Other high-modulus fibers include Technora®, an aramid fiber that blends very high strength, low stretch, and abrasion resistance with extreme heat resistance; Vectran®, a liquid crystal polymer (LCP) fiber that has very high strength and very good heat resistance; and Zylon®, or PBO fiber, which offers the highest strength of all the high-modulus fibers; but it must be protected from UV light. Technora®, Vectran®, and Zylon® are all exceptionally low-creep fibers.

In some cases, Samson blends fibers to take advantage of the relative properties of each of the components. Lightning Rope is a good example: the lightweight characteristic of Dyneema® fiber is blended with the strength and exceptionally low-creep characteristics of Vectran® fiber. The result is a rope that is lighter than Validator-12, an all Vectran® 12-strand, while sacrificing only 5% of the strength of AmSteel®-Blue, an all Dyneema®-fiber 12-strand line.



Class I and Class II ropes: what are they?

Samson ropes are classified into two main categories based on fiber type. Ropes manufactured using the traditional fibers of nylon, polyester, and olefin are categorized as Class I. Those ropes made in whole or in part with any of the high-modulus fibers such as Dyneema®, Technora®, Vectran®, or Zylon® are categorized as Class II.

Double braids and single braids: what’s the difference?

Samson invented the double braid in the late 1950s, when nylon was still the king of synthetic fibers. This construction incorporates a braided core within a braided cover, each carrying an equal percentage of the total load. This type of construction is common to lines that use the more traditional synthetic fibers such as polyester, olefin, and nylon. In addition to carrying up to one-half of the load, the cover serves to protect the core from abrasion or ultraviolet degradation, to provide grip on winches or in clutches and stoppers, and to provide protection from friction-generated heat.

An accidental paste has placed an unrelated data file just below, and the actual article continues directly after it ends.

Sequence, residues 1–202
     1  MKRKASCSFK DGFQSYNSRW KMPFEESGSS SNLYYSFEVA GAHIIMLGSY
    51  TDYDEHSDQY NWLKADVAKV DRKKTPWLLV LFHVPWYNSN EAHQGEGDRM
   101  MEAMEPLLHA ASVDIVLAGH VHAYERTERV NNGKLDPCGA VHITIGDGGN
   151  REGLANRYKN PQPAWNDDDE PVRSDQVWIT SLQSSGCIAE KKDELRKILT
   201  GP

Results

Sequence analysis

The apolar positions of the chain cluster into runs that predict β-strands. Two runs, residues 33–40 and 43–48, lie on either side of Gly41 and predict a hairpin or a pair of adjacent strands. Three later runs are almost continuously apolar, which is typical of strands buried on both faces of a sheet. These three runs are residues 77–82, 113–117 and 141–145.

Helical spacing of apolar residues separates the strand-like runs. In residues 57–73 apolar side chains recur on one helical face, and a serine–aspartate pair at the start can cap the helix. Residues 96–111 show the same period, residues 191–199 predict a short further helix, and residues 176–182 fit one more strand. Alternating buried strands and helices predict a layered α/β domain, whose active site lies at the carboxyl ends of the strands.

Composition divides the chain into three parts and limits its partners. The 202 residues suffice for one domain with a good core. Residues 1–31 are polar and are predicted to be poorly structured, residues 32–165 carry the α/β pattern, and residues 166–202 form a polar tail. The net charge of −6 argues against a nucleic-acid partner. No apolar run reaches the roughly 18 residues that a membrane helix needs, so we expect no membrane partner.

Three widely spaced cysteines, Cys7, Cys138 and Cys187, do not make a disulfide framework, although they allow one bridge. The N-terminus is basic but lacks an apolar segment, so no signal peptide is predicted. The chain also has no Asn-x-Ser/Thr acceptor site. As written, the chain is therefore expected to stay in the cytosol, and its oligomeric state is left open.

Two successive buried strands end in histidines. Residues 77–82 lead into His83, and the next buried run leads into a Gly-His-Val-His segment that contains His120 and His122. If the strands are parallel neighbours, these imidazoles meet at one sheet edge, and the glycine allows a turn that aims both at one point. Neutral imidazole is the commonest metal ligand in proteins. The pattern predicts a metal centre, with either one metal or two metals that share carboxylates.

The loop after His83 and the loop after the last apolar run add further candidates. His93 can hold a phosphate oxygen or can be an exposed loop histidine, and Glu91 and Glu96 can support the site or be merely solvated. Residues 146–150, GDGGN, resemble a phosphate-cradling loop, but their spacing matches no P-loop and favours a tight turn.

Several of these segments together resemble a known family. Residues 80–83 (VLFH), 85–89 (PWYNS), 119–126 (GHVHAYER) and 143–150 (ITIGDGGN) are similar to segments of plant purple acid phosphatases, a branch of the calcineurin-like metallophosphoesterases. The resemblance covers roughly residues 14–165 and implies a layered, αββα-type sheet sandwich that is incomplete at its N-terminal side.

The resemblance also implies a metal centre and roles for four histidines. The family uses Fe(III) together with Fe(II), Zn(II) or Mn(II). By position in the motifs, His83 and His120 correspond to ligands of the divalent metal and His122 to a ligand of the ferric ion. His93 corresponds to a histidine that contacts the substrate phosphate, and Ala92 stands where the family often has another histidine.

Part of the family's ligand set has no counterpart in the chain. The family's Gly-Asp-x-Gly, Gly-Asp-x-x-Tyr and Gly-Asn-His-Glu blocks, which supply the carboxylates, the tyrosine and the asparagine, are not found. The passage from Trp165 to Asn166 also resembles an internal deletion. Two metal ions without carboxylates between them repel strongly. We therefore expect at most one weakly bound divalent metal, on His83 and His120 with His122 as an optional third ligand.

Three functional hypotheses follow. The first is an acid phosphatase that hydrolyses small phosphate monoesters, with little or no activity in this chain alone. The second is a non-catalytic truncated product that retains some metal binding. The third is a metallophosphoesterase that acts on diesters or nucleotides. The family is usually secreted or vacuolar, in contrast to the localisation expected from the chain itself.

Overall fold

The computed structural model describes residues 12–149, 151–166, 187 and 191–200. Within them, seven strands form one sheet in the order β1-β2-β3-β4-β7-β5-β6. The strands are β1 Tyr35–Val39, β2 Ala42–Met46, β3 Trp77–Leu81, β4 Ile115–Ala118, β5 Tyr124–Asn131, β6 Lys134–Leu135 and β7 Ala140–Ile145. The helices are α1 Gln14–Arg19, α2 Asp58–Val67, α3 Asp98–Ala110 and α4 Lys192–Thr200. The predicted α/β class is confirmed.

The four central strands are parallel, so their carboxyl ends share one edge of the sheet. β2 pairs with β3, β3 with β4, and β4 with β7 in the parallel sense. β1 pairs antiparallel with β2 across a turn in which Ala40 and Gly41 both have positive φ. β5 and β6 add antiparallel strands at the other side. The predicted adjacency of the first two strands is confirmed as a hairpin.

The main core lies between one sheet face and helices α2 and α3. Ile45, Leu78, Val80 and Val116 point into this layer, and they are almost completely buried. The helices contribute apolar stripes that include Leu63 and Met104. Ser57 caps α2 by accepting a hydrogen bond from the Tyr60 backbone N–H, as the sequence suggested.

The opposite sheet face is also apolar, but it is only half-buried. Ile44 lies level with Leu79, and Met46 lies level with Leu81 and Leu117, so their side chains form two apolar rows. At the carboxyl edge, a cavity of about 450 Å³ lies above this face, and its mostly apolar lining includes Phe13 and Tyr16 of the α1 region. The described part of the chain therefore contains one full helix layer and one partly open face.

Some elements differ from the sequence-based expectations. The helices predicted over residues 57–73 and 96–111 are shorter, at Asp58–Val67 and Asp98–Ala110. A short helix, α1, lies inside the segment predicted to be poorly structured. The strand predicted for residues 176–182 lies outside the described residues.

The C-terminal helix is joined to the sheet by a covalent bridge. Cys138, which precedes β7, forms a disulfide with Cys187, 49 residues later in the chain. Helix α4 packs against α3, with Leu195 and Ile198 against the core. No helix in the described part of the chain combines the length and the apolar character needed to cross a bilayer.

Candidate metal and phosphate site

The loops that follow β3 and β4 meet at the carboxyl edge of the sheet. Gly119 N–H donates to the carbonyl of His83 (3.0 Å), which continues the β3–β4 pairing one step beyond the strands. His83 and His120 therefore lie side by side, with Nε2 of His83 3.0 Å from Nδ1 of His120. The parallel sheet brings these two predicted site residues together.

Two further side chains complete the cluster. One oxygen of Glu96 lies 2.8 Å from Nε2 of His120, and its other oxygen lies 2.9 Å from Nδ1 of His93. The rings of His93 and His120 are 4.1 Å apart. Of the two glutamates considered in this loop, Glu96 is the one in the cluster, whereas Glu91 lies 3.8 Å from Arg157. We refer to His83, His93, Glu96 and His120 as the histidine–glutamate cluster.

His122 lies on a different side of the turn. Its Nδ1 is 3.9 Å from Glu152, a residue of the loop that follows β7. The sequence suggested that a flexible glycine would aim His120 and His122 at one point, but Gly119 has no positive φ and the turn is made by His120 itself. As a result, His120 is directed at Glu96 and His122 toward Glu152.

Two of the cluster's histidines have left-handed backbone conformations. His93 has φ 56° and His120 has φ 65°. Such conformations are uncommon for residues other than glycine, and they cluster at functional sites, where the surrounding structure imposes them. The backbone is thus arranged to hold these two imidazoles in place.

For applications that require higher strength and lighter weight than traditional Class I fibers provide, you will look for a core-dependant double braid. In this construction, the core is made from Class II fibers and serves as the strength member while the cover is typically made of Class I fibers.

Single braids are ropes designed without a separate core. Samson manufactures a wide variety of single braids. For sailing applications, the most common single braid is a 12-strand line. Where necessary or desired, covers can be added to single braids to protect them from exposure to heat, abrasion, or cutting while in use. Samson manufactures Flavored Ice and Smooth Ice for this specific purpose. This is a specialty cover where Vectran® and PBO fibers are blended to provide enhanced heat and abrasion resistance.

Alternately, a sailor may opt to strip the cover from a double braid in order to save additional weight aloft for halyard applications. The cover remains intact in areas on the rope where the rope is cleated or winched.

Splicing techniques: Why is Knowing the Class of My Line Important?

Splicing techniques are different between Class I and Class II ropes and reflect the differences in strengths and grip between the two groups. It is absolutely critical to use the correct splice for the class of rope being used.